Recently, I came across photographs of three Buddhist monks during our visit to Kennedy Space Center in Florida back in December, 2012.
Not only did I find the monks terribly photogenic (in a Holy sort-of way), but it reminded me of another three monks my wife and I saw during our visit this summer to Houston Space Center in Texas.
When the monks boarded the tour bus, they sat in the row ahead of us, and seemed terribly interested in all the buildings that make up the adjacent Johnson Space Center. It's a college-like campus where talented people work on all aspects of the United States space program.
The Texas heat got to all of us, so this gentleman can be excused for rubbing his eyes to ward off sleep while we waited to visit Historic Mission Control.
When the tour bus stopped at the rocket garden, one monk rushed ahead, eager to study the engines and other displays.
Another lingered behind, attempting to capture the Redstone and the other rockets for posterity.
The third snuck his way into my photograph, standing beneath the nosecone of the Saturn V rocket set horizontally within a large aircraft hanger. My apologies if the photo seems a little blurry. He might have been a big guy, but he's puny in comparison to the mighty Saturn V.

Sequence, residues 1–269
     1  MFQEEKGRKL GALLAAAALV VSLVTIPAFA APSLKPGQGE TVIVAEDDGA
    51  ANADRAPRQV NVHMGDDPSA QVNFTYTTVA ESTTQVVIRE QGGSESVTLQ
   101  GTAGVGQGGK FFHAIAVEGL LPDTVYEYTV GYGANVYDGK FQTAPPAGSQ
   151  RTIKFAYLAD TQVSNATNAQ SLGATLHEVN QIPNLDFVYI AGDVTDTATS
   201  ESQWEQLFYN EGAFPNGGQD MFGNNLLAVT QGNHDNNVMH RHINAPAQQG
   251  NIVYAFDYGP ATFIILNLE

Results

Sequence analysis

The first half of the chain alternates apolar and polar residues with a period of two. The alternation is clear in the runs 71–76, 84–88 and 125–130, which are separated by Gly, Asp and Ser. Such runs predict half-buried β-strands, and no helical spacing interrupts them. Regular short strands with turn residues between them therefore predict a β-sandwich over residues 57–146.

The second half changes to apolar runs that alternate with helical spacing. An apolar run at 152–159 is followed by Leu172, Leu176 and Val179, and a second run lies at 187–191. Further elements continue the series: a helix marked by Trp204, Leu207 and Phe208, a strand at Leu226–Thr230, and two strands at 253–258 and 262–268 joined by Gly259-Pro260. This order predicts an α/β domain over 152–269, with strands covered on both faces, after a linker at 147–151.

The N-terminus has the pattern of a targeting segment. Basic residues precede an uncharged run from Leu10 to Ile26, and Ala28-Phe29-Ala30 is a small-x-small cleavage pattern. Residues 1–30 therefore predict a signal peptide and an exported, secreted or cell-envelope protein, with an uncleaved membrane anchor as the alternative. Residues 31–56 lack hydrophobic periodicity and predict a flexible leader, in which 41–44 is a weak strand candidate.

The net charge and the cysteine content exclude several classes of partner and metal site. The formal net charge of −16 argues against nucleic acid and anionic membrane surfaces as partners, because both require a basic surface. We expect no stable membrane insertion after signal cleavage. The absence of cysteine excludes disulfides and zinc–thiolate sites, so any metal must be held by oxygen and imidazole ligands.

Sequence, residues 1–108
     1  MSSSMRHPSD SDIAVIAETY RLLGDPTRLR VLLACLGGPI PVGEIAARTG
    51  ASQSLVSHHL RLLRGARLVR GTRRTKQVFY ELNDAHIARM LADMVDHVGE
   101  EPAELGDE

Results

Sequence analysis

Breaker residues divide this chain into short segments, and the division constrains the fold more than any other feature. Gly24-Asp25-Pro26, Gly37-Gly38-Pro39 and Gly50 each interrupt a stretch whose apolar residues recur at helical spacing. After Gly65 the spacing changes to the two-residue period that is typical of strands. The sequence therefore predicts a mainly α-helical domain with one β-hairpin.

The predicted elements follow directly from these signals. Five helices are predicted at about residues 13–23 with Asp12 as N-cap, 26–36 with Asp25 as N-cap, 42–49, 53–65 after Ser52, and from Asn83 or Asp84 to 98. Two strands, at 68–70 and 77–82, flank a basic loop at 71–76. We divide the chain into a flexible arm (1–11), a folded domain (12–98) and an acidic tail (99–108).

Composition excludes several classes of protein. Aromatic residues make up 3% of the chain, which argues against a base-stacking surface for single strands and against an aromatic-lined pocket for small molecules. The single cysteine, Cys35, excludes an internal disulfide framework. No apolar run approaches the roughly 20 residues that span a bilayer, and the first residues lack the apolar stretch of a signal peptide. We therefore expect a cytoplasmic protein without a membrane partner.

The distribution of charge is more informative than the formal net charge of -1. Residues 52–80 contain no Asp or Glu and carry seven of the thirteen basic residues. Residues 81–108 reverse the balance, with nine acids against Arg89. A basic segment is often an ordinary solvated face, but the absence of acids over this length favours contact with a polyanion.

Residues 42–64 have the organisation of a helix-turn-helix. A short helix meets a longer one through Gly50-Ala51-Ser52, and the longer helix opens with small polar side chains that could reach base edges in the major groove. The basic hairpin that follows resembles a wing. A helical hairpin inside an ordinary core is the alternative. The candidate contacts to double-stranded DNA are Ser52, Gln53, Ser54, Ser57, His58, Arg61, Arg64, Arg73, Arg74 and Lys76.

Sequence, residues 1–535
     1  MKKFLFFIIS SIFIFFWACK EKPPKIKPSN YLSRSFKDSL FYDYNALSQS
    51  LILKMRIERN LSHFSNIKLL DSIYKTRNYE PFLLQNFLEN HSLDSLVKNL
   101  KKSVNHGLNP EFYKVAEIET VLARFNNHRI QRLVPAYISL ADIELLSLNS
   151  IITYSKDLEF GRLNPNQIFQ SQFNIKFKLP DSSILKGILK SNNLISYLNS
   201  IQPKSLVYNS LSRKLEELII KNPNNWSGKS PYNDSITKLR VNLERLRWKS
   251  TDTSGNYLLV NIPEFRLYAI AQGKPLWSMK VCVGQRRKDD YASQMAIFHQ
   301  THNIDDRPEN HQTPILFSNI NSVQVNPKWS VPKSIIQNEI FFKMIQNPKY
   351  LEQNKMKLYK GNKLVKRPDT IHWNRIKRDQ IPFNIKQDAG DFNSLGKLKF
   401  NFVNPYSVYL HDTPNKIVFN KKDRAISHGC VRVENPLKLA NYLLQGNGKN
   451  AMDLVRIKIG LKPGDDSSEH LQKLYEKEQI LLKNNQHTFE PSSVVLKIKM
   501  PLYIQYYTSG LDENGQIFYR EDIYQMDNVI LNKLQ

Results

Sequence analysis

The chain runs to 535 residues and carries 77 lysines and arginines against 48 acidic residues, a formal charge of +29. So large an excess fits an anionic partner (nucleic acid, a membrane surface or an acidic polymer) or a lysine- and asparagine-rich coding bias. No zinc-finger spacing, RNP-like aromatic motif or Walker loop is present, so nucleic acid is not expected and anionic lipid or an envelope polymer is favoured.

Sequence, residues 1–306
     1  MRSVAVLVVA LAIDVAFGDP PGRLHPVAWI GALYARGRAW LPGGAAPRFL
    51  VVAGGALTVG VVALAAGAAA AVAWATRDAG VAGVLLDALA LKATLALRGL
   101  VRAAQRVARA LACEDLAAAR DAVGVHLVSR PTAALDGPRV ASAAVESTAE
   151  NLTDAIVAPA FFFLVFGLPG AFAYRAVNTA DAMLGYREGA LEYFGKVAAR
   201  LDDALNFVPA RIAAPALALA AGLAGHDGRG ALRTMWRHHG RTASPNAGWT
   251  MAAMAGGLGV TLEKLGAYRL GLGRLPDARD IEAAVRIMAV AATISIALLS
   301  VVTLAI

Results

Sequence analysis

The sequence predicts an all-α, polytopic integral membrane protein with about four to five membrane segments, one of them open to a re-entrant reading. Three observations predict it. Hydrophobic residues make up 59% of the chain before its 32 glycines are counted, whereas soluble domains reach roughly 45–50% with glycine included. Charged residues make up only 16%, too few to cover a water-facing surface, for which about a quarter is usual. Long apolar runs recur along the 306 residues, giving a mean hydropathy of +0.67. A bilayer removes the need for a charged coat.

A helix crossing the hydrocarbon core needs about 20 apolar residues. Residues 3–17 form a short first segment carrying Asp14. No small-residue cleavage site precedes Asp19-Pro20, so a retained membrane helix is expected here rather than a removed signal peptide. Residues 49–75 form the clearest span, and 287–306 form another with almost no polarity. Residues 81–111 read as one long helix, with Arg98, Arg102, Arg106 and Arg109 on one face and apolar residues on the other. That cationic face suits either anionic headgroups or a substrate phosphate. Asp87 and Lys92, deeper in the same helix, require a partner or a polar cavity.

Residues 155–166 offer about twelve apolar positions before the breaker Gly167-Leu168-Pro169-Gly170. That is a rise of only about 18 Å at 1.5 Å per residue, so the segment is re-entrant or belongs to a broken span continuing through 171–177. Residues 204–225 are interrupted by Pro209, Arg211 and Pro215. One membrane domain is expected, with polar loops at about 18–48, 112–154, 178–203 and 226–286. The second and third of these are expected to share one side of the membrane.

I don't know if these two incidents are merely coincidences, or if Buddhist monks are naturally drawn to rockets and spaceships. But right now it seems as if our manned space program is just tippy-toeing ahead, and it'd be great to see it take large leaps instead. Perhaps Buddhist Monks should form a political action group (PAC) that could apply pressure to the President and Congress to speed up our manned space program.
We all need others to get behind us, and support our efforts, if we wish to reach our highest goals.